Seven Sins of Greenwashing

Seven Sins of Greenwashing

I was walking the neighborhood with my daughter, keeping an eye out for houses painted green as she’s contemplating hues in that spectrum to update her house with a fresh coat. At some point the neurons working this assignment upstairs in the noggin crossed connections with my role as a senior advisor to the Stanford Social Media Lab (combating mis- and dis-information) and coagulated into a topic for this week’s lead article: greenwashing.

Such is the way a fragmented (demented?) mind sometimes works.

I’d wager we all probably have a pretty good idea of what greenwashing is; the trick is in recognizing it. Let’s have a quick look at this bad boy’s genesis.

While greenwashing operates as a highly specialized, sub-branded relative of today’s mis- and disinformation family tree, it predates these problems by a long shot – the term owes its life to the concept of whitewashing, which entered the lexicon circa 1591 in England. This refers to the practice of painting something old and dirty with cheap white paint to create the patina of being something it’s not.

Hundreds of years later, it did its chameleon thing and changed colors to better match its modern environment. Many point to 1953’s “Keep America Beautiful” advertising campaign as the first example of greenwashing. It’s a classic example of the magician’s misdirection, ginned up by the beverage industry to place consumer focus on recycling and littering and NOT on the responsibility of the companies creating the problem in the first place. Who, me? 🤷‍♂️

(You really do have to keep an eye out because big companies hire guys like me – probably much smarter – and give them beaucoup bucks to create these sleights of hand.)

Some refer to this practice as “green sheen,” which as a wordsmith I prefer, though it’s clear that greenwashing has won the day.

It’s an easy leap over subsequent decades to see how Keep America Beautiful begat the effort by Big Oil and the plastics industry to create a plastic recycling number system and perpetuate the fraud that plastics could and would be recycled.  Nothing to see here friends, just be good children and do your part – we’re all in this together!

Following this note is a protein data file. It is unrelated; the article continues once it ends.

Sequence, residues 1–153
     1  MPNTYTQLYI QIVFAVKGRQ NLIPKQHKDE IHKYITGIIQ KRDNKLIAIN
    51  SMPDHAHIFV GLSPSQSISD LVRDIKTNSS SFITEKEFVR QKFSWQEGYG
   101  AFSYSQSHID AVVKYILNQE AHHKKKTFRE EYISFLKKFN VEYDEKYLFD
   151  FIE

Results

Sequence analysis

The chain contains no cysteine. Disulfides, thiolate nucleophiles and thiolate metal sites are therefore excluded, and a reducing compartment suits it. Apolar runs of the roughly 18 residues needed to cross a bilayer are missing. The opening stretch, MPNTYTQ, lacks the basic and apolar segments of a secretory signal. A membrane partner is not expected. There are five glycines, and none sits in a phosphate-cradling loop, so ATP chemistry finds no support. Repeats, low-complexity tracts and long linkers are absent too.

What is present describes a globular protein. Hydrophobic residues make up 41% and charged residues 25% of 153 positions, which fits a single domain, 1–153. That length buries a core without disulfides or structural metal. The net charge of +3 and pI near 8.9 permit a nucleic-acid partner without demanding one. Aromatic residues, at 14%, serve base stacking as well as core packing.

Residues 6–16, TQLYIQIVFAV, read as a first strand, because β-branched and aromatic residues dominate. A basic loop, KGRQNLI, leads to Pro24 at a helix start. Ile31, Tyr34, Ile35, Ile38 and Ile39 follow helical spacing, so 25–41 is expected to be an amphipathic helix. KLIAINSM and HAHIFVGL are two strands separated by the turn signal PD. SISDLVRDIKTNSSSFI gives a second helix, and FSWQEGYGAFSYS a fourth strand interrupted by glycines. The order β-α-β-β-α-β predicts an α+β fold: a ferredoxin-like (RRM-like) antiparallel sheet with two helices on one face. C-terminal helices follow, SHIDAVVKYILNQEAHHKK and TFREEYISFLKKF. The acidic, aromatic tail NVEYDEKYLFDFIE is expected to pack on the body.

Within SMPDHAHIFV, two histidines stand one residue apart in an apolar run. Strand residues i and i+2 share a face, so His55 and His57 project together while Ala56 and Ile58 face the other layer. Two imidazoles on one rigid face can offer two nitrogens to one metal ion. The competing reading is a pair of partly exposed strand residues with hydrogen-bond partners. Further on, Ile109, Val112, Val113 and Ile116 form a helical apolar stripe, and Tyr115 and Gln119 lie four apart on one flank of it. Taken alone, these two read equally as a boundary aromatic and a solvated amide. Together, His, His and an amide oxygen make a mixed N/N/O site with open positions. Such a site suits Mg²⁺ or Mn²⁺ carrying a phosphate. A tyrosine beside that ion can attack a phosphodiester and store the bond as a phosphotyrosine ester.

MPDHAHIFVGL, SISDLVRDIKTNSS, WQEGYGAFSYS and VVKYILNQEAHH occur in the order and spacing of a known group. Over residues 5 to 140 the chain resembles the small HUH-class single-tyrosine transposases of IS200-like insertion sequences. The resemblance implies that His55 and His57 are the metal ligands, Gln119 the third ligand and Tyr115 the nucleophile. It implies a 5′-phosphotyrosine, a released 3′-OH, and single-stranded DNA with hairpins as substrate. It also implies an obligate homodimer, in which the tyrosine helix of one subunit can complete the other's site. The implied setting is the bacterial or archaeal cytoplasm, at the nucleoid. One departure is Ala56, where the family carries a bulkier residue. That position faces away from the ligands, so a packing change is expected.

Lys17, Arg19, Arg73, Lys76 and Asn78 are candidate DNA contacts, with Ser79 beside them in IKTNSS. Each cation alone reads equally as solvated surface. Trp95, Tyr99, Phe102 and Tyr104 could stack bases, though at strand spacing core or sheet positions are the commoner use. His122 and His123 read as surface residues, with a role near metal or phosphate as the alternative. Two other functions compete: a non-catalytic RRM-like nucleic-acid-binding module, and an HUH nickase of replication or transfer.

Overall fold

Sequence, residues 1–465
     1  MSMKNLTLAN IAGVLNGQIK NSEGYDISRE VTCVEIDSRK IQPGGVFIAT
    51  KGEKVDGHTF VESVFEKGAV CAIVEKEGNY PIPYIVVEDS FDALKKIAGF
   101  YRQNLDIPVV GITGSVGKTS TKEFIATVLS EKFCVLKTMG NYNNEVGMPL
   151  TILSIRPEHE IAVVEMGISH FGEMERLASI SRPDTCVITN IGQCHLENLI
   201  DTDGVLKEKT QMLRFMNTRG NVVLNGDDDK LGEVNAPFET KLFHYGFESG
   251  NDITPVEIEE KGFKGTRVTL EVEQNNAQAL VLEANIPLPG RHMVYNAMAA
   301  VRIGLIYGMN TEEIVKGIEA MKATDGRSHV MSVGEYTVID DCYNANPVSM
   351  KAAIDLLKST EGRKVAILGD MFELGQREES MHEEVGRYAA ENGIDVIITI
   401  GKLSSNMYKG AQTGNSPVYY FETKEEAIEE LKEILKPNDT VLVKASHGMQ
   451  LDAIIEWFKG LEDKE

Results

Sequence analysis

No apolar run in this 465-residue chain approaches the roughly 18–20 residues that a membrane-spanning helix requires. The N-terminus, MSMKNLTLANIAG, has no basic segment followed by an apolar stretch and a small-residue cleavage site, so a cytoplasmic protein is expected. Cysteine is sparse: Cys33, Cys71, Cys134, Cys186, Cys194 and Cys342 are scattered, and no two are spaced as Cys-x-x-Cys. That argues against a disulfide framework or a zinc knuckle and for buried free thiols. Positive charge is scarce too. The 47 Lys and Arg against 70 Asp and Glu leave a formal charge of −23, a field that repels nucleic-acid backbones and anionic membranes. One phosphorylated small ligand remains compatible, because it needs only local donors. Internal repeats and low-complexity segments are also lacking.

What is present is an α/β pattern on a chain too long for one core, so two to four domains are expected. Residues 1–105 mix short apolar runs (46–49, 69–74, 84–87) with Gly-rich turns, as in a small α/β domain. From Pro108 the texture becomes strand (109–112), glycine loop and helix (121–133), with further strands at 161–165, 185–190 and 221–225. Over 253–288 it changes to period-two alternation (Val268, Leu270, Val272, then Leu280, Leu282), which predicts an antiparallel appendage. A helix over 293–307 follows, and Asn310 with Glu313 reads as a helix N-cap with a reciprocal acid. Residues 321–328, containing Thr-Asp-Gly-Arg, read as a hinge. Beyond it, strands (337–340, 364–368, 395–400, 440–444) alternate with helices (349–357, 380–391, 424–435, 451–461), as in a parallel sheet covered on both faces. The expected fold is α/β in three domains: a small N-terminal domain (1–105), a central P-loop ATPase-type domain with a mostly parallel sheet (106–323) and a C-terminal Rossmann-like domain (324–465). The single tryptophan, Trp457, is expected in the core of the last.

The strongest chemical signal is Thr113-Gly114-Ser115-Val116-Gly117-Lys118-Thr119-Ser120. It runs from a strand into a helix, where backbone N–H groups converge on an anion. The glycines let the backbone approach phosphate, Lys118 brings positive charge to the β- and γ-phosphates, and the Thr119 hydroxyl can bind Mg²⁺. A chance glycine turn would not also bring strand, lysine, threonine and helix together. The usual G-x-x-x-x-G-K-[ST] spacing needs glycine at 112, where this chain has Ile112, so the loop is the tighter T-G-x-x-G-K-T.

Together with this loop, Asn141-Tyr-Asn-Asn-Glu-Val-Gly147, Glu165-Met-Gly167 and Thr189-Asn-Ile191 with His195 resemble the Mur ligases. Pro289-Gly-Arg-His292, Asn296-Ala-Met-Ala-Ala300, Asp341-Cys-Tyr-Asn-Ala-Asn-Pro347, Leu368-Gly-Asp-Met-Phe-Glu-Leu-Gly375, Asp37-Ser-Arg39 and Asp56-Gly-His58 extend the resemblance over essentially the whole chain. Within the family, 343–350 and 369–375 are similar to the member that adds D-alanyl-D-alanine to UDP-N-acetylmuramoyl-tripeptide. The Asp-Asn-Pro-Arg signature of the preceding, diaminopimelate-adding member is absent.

There is no honor among thieves, people, so we must be vigilant – whether it’s encountering online deep fakes or corporate plastic fakes.

With that in mind, here’s a handy list from TerraChoice, a consulting division of UL, for what to be on the lookout:

The Seven Sins of Greenwashing

  1. "Hidden Trade-off": a claim that a product is "green" based on an unreasonably narrow set of attributes without attention to other critical environmental issues.
  2. "No Proof": a claim that cannot be substantiated by easily accessible information or a reliable third-party certification.
  3. "Vagueness" is a poorly defined or broad claim that the consumer will likely misunderstand its meaning. "All-natural," for example, is not necessarily "green."
  4. "Worshipping False Labels": a claim that, through words or images, gives the impression of a third-party endorsement where none exists.
  5. "Irrelevance": a claim that may be truthful but unimportant or unhelpful to consumers seeking environmentally preferable products.
  6. "Lesser of Two Evils": a claim that may be true within the product category, but risks distracting consumers from the more significant environmental impact of the category.
  7. "Fibbing": a claim that is simply false.
An example of greenwashing on a product I recently bought from Tough Outdoors.

Feeling up to snuff on greenwashing now?  Good!  You’ll also find a few interesting green-hued Quick Hits in this issue, including a few examples that will have you shaking your head.

Godspeed, friends. 


💬 Quote of the Week

“I'm worried about greenwashing. I think we should come down on it very, very hard, whether it's with criminal intent or actively deceptive.” John Elkington, who coined the ideas of Triple Bottom Line + People, Planet, Profit

💥 Quick Hits

The bytes and bits of greenwashing – Dig into the Digital Greenwashing Guide from our friends at mightybytes.

Hush puppies - Go green and then go quiet. Greenhushing – yes, it's a thing.

The wayback machine – We humans have been at it for a long time: the history of greenwashing.

Putting lipstick on the pig in Denmark 🐷 – Recycled pants, sustainable airline tickets, and climate-controlled sausagethe courts crack down on greenwashing.

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Thanks for spending time with us – and making it all the way to newsletter's end. We'll see you next week.

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